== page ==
After cruising through yesterday morning’s qualification round at the World Youth Championships, Jacko Gill said his goal for the early evening final was not only to capture the Shot Put gold medal, but to become the first to breach the 24-metre line with a five kilogram ball. That promise kept, he’s now aiming higher. Much higher.
“I already train mainly with the 7 kilogram shot and I definitely want to make it to the (London) Olympics,” Gill said, with a seriousness belying his age. “Hopefully I’ll be throwing 21 or even 22 metres by then, so I really want to go and get a medal.”
“A medal?” a journalist asked.
“Definitely, definitely. I’ll just keep training hard and we’ll see.”
But first, some backtracking is in order.
Entering these Championships the 16-year-old New Zealander was the biggest odds-on favourite for gold, arriving in Lille as the reigning World junior champion and the World best holder in the event at 23.86m from last year. He relegated that mark to the bins of history in the second round after releasing a heave so mammoth it sent the measuring judges scurrying out of the way. When the dust settled, the scoreboard read 24.35m, adding a seemingly impossible 49 centimetres to his previous best.
That was just near the start of the Kiwi’s extraordinary series of throws, one that will likely remain unchallenged for a very long time.
Opening with a 22.89m toss – a distance only one other youth has ever managed to surpass – he followed up with history’s first-ever 24-metre effort and followed that one up with yet another in the third, when he reached 24.03m. His 23.54m in round four and 21.99m in round five merely solidified his hold on the top end of the all-time list. With a victory by exactly four (!) metres already in hand, he lined up in the circle for his final throw, with the capacity crowd on the homestraight tribune on their feet, clapping rhythmically for the event’s young Prince. His reply was yet another 24-metre effort which broke the grass at 24.02m.
“It was really great to get the record here at a big competition,” said Gill after what will likely be one of his last competitions with the five kilogram implement. “The way training was going I knew that I was going to throw in the 23 metre range. This was just amazing.”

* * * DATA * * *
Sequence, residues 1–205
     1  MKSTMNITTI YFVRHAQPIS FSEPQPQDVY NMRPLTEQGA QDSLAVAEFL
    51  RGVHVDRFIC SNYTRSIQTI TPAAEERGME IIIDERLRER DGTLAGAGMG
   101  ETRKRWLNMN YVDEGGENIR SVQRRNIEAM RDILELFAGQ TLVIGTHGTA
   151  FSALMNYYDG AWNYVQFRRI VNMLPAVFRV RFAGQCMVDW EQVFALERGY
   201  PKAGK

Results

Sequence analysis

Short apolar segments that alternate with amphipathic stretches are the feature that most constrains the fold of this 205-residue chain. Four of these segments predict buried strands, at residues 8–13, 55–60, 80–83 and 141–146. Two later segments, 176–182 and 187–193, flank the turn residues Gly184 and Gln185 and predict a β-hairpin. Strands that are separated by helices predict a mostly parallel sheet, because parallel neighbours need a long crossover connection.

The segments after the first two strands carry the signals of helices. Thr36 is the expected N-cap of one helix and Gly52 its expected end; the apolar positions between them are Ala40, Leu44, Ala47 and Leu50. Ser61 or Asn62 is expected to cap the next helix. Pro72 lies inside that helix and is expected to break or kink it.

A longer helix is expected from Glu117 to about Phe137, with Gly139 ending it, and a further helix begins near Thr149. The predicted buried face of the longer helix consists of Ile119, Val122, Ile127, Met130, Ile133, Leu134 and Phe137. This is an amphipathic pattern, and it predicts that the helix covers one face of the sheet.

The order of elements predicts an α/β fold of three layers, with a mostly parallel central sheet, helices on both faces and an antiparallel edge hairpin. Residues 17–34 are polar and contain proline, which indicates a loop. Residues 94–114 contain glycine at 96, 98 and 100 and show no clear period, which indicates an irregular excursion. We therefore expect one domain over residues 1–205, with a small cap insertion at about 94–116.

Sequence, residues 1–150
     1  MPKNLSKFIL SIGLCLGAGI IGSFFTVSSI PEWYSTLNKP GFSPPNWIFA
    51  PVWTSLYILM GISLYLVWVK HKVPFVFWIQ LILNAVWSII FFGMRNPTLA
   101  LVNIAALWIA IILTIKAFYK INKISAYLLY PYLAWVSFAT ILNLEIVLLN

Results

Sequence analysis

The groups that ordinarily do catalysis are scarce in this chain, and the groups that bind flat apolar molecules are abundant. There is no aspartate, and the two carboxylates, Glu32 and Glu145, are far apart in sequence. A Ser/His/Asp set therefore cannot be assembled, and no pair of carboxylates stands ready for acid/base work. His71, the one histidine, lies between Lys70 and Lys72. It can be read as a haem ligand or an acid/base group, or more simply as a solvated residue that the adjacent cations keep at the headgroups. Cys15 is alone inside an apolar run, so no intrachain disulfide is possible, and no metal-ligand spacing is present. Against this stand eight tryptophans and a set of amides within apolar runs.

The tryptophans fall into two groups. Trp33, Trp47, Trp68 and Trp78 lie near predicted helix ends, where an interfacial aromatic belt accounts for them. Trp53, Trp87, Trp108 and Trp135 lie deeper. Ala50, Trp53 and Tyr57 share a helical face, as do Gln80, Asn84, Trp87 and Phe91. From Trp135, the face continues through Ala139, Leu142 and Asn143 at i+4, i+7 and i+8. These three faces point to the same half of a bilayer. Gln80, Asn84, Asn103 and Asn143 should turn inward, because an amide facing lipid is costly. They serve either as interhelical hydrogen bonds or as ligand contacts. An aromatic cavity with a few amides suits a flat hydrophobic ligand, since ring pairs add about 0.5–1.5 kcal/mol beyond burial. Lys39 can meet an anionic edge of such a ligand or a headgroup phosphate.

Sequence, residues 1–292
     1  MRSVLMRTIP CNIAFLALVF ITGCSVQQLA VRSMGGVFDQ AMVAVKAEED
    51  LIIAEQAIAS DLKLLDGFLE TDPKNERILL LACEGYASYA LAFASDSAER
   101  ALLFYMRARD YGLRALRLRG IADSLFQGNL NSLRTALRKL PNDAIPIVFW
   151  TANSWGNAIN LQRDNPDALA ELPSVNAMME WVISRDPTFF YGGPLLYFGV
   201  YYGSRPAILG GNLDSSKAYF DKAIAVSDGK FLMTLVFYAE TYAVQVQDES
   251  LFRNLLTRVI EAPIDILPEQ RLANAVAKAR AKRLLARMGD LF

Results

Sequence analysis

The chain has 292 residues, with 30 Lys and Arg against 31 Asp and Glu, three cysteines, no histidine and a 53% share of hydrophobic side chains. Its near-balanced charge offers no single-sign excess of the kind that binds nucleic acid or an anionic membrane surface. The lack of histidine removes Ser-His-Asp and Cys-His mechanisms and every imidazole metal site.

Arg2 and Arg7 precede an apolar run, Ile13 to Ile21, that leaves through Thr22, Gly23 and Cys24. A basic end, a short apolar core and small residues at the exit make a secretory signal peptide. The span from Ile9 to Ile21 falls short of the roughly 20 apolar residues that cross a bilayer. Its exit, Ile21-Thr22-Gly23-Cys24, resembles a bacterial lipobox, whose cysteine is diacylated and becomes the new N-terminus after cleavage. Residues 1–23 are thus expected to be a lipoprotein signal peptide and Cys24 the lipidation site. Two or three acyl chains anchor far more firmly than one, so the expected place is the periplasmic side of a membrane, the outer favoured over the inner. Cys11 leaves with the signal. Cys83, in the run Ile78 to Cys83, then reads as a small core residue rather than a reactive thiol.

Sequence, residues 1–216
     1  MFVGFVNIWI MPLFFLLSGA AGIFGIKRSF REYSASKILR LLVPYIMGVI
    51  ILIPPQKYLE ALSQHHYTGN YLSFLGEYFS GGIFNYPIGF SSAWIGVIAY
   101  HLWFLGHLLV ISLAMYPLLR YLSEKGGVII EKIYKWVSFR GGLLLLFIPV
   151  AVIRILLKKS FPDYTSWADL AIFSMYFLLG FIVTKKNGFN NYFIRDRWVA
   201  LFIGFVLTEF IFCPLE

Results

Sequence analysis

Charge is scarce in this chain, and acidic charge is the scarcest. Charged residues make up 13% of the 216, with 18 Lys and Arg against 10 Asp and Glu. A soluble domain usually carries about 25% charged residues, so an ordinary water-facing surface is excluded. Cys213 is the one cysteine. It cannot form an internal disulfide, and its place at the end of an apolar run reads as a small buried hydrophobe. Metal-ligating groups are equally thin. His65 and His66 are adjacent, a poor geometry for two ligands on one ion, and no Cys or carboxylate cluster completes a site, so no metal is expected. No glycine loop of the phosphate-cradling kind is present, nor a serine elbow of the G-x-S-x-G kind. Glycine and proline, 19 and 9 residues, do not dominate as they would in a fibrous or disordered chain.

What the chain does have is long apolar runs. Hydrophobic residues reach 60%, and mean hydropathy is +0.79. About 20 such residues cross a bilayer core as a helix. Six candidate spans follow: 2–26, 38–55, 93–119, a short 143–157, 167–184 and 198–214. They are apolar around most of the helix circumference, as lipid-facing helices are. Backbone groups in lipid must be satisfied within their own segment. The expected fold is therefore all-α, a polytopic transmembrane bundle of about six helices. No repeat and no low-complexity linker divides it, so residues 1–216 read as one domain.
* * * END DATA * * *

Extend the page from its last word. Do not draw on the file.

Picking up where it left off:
Despite his role of overwhelming favourite, Gill admitted he felt plenty of pressure prior to the competition.
“Oh definitely,” he said. “I was at the juniors last year and learned how to deal with it a little bit there. It was really good to get that big throw out early so I was more relaxed.”
His feat of winning the World youth title after already having the World junior title is one that only Usain Bolt has been able to manage before. He is also New Zealand’s first ever boy to win the World youth title but his efforts are following those of his compatriot Valerie Adams, who followed up World youth and World junior titles with gold in the senior ranks.
“No I wasn’t in Lille to see Jacko (Gill), I came here (Paris) straight from Switzerland where I live now,” said Adams, the Olympic and two-time reigning World Shot Put champion, who’ll compete at Friday’s Samsung Diamond League meeting in Paris. “Yes, it’s pretty awesome to throw 24 metres (5kg implement), and he did it when it really counted at a major championship. That’s impressive! He’s already been beyond 20 metres with the (senior 7.26kg) shot. He’ll soon be up there with the big guys.”
Underscoring his precocious talent, Gill has already thrown 20.01m with the senior shot, the national senior record, and some reporters were already wondering if we could expect to see Gill on the senior circuit, perhaps as early as this Sunday in the Birmingham stop of the Samsung Diamond League. On this, Gill was realistic.
“Well if I could get invited, I’d love to,” he said. “But right now I’m only throwing 20 metres. Maybe when I start throwing 21 metres I’ll start getting some invitations.”
But before he packs his bags for the long trip home, he may have at least one more date to keep on the continent.
“I might do the DN Galan in Stockholm before going home,” presumably to compete in the youth or junior section of the meeeting’s popular ‘Big Shot’ competition.
Part of his planned run-up to London 2012 includes his next target, German David Storl’s 22.73m World junior record with the six-kilogram shot set in 2009. He’s already reached 21.34m with that shot, so presumably it will just be a matter of time. In the meantime, he’ll simply keep focusing on his training.
“I do lots and lots of training,” he said. “I’m not the biggest guy. I’m not so strong so I mainly go for speed. So I do lots of heavy bench press and fast, reactive things.
“I train very hard and I love what I do. That’s what I do and I give one hundred and ten percent.”
Bob Ramsak for the IAAF